In late September 1863, the Confederates began laying siege to the Union Army of the Cumberland around Chattanooga in what would be their last gasp for supremacy in the West. Following the devastating Union defeat at the Battle of Chickamauga on September 20, the army and its shaken commander, General William S. Rosecrans, began digging in around the city and waiting for reinforcements to arrive. Meanwhile, the Confederate Army of Tennessee, under General Braxton Bragg, took the surrounding heights, including Missionary Ridge to the east and Lookout Mountain to the southwest, allowing them control over the vital rail and river supply lines needed by the Union forces in the city. Bragg planned to lay siege to the city and starve the Union forces into surrendering.
Having lost faith in Rosecrans after Chickamauga, Washington delegated Ulysses S. Grant with the task of lifting the siege by placing him in command of nearly the entire theater. Grant replaced Rosecrans with George H. Thomas, who had saved the army at Chickamauga, and ordered him to "hold Chattanooga at all hazards." Thomas replied, "We will hold the town till we starve." Meanwhile, President Lincoln detached General Hooker and two divisions from the Army of the Potomac and sent them west to reinforce the garrison at Chattanooga.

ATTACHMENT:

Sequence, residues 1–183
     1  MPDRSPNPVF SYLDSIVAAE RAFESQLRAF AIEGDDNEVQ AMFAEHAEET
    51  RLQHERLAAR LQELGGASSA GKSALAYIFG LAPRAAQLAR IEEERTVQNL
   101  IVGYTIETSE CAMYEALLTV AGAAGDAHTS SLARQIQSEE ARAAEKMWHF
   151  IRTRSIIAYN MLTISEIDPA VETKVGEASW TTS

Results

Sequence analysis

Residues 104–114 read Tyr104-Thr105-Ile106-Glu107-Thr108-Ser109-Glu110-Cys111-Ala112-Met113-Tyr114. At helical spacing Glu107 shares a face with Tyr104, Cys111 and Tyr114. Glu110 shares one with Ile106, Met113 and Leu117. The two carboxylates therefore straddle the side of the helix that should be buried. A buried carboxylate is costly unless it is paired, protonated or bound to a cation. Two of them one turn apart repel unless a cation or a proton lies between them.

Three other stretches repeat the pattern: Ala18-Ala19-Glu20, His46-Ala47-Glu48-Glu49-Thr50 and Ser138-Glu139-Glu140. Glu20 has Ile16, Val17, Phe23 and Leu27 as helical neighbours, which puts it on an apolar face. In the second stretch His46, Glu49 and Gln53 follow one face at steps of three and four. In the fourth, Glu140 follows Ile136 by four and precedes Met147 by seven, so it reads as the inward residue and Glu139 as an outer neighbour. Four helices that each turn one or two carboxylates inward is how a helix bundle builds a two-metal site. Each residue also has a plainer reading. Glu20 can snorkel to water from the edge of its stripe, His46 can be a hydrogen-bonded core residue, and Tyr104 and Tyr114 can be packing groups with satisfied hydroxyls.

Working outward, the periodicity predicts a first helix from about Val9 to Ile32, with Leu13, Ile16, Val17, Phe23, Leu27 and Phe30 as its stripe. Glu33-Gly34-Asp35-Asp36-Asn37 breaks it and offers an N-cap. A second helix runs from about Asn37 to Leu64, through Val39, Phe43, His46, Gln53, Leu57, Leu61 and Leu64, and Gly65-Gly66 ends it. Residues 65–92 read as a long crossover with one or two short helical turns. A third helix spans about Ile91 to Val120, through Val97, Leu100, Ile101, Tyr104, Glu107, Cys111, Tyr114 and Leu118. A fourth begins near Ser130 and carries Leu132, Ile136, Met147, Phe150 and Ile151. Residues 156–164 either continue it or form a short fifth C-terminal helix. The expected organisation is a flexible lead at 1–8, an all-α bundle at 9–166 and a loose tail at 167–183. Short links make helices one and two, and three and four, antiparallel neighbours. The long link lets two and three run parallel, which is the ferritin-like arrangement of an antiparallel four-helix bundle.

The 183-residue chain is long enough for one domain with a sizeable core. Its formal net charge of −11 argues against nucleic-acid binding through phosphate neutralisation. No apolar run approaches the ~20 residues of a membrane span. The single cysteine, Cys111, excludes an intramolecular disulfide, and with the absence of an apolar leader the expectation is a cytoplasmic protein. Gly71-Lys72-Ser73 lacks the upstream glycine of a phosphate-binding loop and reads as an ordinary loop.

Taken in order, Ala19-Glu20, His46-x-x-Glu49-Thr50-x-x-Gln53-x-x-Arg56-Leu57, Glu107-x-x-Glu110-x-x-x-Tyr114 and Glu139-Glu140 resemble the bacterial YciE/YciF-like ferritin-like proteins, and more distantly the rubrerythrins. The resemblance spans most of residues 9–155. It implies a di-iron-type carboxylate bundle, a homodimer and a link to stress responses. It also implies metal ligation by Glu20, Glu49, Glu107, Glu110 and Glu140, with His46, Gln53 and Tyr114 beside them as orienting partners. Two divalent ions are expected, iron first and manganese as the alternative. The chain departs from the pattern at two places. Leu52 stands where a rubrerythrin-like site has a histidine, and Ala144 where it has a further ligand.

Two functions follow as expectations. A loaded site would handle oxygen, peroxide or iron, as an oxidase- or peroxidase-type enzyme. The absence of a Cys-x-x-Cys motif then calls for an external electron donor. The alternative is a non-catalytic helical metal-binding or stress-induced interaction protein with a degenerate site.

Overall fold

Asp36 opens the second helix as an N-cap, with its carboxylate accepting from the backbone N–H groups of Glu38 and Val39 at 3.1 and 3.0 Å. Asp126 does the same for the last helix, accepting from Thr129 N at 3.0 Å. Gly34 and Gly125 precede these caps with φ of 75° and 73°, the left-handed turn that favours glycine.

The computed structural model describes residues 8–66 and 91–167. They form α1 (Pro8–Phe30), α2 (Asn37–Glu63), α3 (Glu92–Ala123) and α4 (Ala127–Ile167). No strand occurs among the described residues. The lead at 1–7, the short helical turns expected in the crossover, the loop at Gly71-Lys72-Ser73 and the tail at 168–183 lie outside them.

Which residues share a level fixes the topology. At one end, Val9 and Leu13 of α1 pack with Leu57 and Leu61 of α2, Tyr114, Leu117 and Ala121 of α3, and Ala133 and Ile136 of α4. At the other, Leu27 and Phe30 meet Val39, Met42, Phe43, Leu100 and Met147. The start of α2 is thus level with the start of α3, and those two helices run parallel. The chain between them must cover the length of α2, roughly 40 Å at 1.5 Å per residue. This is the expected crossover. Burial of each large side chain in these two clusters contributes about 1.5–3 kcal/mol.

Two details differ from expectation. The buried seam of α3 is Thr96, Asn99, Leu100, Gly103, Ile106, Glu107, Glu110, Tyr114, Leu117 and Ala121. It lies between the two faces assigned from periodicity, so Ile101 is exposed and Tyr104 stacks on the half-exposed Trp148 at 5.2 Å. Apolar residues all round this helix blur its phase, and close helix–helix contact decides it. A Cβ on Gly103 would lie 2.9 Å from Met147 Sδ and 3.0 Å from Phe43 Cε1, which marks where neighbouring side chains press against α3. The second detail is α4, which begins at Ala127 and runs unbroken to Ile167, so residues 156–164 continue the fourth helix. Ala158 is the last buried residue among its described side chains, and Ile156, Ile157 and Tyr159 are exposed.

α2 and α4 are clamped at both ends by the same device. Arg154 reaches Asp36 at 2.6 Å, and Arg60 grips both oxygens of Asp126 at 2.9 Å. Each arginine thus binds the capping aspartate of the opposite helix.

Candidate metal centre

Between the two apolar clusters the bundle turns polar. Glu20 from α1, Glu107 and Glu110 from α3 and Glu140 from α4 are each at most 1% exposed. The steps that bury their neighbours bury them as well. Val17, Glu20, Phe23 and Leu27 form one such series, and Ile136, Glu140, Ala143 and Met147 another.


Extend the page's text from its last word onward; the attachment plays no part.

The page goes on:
What followed were some of the most remarkable operations of the entire Civil War. Hooker and his reinforcements helped open up a vital supply line known as the "cracker line", effectively ensuring that enough supplies could reach Knoxville.